Their search for answers and resources inspired the clinic’s Administration and Family Services director, Mayra Jimenez, to expand the Parent Support Group in 2008.
“I felt so lucky (to be) working here,” said Jimenez, who cares for a son with a disability. “I could learn a little bit more or maybe talk to the therapist and ask them, ‘What do you recommend for my son? Can I use my insurance for this?’ But even I had some difficulties getting the services that I needed, so I couldn’t imagine how other families were also struggling.”
Jimenez brought the idea to clinic Executive Director Lori DeLaney, who encouraged her to develop the pilot program. The group went from 10 parents meeting once a month in 2008 to the 50 to 60 parents who currently meet once a week. Parents have since branched out into their own support groups, including one dedicated to parents of autistic children.
“We started this trying to share resources,” Jimenez said, “and we used a lot of the therapists’ expertise here at the clinic to guide the parents and get them some information.”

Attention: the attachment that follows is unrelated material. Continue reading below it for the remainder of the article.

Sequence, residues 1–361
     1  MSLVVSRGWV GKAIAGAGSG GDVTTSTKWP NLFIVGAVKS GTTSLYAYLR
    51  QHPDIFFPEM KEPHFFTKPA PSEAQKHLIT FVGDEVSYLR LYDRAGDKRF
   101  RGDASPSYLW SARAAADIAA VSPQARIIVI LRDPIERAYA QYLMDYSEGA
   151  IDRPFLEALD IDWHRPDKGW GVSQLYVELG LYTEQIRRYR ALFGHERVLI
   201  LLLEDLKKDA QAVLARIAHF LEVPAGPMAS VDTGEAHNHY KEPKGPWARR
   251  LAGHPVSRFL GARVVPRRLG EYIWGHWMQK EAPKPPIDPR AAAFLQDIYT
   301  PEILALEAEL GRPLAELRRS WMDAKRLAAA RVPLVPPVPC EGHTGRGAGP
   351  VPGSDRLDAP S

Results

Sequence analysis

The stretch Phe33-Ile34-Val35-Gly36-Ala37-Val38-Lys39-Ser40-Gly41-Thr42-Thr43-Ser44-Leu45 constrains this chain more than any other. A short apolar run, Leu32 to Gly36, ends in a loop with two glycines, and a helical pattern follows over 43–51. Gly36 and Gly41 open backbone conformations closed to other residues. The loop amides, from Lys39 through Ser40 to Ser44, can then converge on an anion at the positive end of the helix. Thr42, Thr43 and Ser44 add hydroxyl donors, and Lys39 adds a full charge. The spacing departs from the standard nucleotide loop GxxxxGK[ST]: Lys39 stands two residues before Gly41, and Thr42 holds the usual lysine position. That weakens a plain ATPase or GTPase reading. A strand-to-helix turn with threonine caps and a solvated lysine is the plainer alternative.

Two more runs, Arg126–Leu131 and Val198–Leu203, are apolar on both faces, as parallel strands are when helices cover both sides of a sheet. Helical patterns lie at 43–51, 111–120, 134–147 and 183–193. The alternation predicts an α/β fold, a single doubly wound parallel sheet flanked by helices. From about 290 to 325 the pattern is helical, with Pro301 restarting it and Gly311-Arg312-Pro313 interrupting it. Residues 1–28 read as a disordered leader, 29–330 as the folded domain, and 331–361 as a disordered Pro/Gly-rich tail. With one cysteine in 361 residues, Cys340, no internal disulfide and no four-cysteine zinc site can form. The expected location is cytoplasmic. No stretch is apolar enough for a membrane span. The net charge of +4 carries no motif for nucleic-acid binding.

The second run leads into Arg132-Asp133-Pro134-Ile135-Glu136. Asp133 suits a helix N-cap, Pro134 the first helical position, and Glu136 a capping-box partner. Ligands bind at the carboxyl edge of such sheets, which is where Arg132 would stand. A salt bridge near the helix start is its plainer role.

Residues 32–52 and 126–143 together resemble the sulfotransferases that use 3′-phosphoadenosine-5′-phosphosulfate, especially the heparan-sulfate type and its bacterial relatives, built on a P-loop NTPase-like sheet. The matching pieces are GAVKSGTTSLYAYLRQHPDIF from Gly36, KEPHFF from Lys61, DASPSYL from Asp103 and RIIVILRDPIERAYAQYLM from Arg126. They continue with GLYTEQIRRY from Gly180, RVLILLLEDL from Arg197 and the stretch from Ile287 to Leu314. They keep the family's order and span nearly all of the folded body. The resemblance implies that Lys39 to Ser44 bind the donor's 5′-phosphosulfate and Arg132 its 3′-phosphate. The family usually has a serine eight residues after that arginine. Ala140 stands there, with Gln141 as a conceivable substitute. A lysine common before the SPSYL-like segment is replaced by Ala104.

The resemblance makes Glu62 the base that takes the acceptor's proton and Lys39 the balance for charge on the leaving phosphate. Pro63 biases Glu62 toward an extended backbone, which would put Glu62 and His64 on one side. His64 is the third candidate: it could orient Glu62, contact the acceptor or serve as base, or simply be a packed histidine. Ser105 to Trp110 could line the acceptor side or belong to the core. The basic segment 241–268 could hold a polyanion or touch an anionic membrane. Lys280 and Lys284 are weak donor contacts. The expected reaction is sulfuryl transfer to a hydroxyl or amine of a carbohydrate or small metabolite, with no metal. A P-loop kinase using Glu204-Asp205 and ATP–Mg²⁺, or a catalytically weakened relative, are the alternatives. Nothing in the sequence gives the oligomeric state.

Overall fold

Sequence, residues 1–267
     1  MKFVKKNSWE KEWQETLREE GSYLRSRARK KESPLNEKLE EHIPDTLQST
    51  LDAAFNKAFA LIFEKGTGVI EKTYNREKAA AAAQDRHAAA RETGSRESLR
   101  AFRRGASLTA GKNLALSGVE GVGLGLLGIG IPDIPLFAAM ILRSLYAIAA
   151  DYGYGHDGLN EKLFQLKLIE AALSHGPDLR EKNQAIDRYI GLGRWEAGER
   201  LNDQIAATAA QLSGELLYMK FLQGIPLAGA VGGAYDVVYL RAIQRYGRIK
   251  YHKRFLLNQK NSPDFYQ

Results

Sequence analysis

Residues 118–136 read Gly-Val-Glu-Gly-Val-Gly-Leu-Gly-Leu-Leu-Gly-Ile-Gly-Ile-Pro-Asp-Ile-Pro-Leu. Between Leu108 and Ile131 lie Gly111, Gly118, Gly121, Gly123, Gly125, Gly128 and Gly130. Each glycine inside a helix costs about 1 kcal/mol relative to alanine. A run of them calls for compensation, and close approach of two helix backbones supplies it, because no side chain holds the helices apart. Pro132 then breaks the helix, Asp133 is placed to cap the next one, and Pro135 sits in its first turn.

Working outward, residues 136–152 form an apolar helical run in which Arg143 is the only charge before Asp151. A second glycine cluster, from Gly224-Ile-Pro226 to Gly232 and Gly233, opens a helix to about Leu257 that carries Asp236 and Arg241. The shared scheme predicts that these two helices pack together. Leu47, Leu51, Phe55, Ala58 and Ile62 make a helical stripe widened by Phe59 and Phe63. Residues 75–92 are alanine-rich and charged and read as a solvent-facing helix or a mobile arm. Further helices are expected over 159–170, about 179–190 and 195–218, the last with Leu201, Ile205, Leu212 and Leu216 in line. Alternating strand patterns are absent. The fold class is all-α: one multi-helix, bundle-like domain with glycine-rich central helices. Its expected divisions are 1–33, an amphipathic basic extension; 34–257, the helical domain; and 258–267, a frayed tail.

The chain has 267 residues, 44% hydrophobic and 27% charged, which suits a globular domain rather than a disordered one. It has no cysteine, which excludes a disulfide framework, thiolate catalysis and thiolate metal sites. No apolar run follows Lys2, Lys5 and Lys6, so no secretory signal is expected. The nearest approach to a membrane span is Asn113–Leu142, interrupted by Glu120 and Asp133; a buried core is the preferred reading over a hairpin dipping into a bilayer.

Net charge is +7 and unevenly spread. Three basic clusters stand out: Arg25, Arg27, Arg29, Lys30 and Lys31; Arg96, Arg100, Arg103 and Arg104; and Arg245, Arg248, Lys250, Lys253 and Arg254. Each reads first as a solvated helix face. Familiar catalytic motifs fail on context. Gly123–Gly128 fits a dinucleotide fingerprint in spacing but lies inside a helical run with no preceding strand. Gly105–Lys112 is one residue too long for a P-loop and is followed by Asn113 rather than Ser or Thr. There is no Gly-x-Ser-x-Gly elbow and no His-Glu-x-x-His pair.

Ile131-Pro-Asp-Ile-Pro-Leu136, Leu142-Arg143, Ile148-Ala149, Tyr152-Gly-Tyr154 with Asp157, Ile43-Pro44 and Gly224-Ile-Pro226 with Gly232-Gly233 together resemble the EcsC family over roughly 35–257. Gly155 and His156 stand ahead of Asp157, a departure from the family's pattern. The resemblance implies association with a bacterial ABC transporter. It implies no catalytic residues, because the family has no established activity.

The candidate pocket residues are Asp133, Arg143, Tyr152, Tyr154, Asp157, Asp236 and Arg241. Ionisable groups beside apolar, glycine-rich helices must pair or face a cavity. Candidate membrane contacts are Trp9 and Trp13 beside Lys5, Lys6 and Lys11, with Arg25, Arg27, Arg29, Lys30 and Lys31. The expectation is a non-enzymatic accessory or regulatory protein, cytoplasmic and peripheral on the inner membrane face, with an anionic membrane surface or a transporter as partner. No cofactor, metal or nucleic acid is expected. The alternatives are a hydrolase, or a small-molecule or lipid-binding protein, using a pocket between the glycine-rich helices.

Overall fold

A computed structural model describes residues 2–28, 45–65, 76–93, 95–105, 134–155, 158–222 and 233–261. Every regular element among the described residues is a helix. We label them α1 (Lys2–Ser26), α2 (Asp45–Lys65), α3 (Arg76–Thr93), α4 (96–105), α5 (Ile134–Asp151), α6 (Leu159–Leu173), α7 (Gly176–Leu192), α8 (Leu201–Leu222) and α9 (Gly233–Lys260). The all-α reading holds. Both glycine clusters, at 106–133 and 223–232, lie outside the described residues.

In 2013, Jimenez found out about the Learning Rights Law Center, which organized TIGER training classes. TIGER – which stands for Training Individuals for Grassroots Education Reform – is a program that teaches parents about special education laws and how to advocate for their children.
When TIGER started at the clinic in 2014, the class was the most attended Parent Support Group meeting, with about 80 people applying for 40 available spots. Soon, the group started offering beginner and intermediate sessions and “Different Thinkers, Different Learners,” a class exploring the various categories or diagnoses eligible for special education.
The Parent Support Group has been so successful that the program has incorporated the remote meetings the clinic was forced to adopt when the coronavirus pandemic started in the spring of 2020. When the pandemic closed the clinic’s physical location, the group migrated to Zoom video conferencing. At first, Jimenez was skeptical. Would parents want to deal with technology? Would they even have internet access?
When the clinic resumed the Parent Support Group online, 75 parents tuned in to hear Mariana Leñero Solar, a neuropsychologist and psychoeducational consultant at the Learning Rights Law Center and one of the clinic’s board members, discuss emotional help and coping strategies for kids.
“I can see the benefit of having them online because they don’t have to travel,” Jimenez said. “They can still listen while they’re with their kids.”